June 2, 2011 § 1 Comment
The day I fell in love with a scientist, the clouds were thin veils of smoke strewn across the sky, which was blue and clear and smelled like detergent. “Cirrus,” she said, while grabbing my hips and leaning close. “This is how you use a microscope.” And when we held hands, I was self-conscious, because maybe she could read my mind, my body? She knew what my pheromones were thinking, and the route my fingers would travel down her spine. The day I kissed a scientist, I lost myself in the universe of her mouth, in all the things she did not yet know, in all the things she never would. I told her she knew nothing about me, but I pulled her close anyway, all dry and warm against the pouring rain of the outside afternoon. In bed, it was always morning, bodies tangled up in knots, like anatomical vines growing into each other; all careful words and tiptoeing around terminology, like a cat and mouse chase between logic and beauty. Our minds ran in different directions, but we both wanted to save the world. And so we laughed some nights, hard and loud, setting fire to all the restaurants we could afford, voices ringing up and down the streets of the city we put up with, the city we learned to love like each other. Like the people we knew we had to become. She had a beautiful smile, like the light of God after rolling open the heavy stones of a cave, and touching her was always, always, like unwrapping a present; did you know that scientists had bar codes in between their thighs? Had hands that shook secretly whenever your lips were so close? Were so good at goodbyes, for the grander scheme of things? But we both wanted to save the world, and good people’s hearts break the hardest.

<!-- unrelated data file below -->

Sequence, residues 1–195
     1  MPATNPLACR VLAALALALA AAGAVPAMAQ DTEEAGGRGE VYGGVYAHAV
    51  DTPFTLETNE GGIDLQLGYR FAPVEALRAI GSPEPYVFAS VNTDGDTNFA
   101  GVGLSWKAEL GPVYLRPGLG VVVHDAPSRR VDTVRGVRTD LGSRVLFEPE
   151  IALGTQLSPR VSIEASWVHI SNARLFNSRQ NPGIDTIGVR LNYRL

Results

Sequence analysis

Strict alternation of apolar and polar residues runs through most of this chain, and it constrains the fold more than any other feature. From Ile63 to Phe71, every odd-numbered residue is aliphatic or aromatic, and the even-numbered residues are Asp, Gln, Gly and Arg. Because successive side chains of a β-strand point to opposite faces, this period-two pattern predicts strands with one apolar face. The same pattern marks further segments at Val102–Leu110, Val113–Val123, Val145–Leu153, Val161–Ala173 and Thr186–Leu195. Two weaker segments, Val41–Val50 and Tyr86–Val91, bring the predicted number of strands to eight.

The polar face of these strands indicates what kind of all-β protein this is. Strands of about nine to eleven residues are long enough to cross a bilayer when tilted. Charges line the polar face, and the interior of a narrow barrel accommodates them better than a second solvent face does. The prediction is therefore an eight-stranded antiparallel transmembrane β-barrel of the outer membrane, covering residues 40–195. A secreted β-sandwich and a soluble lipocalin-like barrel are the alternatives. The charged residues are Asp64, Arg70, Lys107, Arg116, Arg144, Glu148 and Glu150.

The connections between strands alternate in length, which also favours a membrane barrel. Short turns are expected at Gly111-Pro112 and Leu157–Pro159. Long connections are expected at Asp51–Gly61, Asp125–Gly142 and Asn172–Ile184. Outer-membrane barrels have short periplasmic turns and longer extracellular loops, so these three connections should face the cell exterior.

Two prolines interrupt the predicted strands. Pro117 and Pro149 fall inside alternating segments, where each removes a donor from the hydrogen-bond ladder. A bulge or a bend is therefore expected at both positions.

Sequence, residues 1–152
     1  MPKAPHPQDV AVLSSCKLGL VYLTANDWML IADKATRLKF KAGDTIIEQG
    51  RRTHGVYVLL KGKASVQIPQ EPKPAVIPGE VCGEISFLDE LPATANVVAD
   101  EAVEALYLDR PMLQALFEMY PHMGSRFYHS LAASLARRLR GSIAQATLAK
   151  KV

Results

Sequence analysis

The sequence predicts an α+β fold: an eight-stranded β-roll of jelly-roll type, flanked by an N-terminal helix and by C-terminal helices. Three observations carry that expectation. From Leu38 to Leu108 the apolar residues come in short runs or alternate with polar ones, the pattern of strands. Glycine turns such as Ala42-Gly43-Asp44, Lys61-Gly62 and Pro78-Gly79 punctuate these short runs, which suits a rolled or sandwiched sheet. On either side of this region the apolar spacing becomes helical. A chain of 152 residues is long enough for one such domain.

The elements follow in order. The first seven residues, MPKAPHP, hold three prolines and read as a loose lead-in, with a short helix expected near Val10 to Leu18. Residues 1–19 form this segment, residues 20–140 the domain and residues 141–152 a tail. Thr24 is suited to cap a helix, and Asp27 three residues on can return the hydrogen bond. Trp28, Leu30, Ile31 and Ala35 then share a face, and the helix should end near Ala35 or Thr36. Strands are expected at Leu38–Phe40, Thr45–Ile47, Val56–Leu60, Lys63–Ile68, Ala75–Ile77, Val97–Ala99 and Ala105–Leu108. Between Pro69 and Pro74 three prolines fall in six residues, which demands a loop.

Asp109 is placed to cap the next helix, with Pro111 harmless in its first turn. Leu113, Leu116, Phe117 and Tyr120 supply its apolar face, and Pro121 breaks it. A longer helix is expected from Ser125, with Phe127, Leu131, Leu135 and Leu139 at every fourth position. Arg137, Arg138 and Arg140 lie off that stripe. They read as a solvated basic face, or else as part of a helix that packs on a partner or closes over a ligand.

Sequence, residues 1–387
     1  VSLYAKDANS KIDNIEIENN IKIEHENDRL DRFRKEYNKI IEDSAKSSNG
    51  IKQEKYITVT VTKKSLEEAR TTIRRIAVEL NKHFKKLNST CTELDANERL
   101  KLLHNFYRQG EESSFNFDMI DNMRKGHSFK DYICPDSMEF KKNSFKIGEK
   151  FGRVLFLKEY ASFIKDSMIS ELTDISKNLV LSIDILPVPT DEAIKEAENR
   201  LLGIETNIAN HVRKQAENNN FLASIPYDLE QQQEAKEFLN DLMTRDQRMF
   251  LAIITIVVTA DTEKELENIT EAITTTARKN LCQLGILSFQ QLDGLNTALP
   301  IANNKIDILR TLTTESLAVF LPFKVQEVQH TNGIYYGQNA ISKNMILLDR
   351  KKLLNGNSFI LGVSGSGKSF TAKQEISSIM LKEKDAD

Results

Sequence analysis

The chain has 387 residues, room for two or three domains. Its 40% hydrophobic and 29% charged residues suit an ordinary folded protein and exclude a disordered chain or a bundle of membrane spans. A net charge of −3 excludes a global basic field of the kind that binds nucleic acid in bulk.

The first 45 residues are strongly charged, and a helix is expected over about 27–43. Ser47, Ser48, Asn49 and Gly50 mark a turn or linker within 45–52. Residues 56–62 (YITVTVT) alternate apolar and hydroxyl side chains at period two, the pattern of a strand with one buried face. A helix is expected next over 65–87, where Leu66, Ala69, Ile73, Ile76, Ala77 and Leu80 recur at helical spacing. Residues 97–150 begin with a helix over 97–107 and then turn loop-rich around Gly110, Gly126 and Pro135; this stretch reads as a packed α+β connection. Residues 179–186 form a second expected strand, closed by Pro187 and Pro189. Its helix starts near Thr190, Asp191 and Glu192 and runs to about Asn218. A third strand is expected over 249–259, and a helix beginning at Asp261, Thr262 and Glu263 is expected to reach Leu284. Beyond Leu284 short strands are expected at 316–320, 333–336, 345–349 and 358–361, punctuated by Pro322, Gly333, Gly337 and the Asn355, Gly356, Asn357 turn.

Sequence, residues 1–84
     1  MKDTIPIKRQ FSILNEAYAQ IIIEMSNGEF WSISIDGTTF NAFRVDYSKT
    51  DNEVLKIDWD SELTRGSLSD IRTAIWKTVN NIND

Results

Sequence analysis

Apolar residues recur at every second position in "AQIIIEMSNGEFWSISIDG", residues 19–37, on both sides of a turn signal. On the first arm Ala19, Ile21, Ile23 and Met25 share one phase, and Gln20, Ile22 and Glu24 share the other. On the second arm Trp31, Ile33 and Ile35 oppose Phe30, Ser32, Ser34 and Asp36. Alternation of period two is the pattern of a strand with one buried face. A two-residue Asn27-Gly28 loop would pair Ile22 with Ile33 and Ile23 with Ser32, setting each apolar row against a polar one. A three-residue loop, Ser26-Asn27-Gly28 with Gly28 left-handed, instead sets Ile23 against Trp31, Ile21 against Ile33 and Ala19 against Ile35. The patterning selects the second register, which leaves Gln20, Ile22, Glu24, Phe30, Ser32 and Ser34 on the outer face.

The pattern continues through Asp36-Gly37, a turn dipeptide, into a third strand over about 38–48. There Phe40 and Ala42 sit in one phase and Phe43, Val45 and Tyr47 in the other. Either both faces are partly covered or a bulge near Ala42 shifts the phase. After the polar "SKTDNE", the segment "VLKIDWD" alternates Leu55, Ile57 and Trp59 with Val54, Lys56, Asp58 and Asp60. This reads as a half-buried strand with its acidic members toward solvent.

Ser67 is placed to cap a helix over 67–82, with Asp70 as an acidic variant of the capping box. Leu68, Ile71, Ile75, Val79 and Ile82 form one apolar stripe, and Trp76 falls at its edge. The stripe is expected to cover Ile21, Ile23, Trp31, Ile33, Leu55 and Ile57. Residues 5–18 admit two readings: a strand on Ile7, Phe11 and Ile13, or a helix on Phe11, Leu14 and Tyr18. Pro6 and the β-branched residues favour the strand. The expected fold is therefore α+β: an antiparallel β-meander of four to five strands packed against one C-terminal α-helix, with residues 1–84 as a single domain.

The day my scientist and I left each other, the world was poetic. The sky was black and white, and I found out that there had always been a great shining lake behind one of the city’s ugliest shopping malls. I thought about how she maybe would have wanted to go, or how maybe she wouldn’t, about how I didn’t know. About how maybe she isn’t the type of girl I’m supposed to write poems for. I still love her.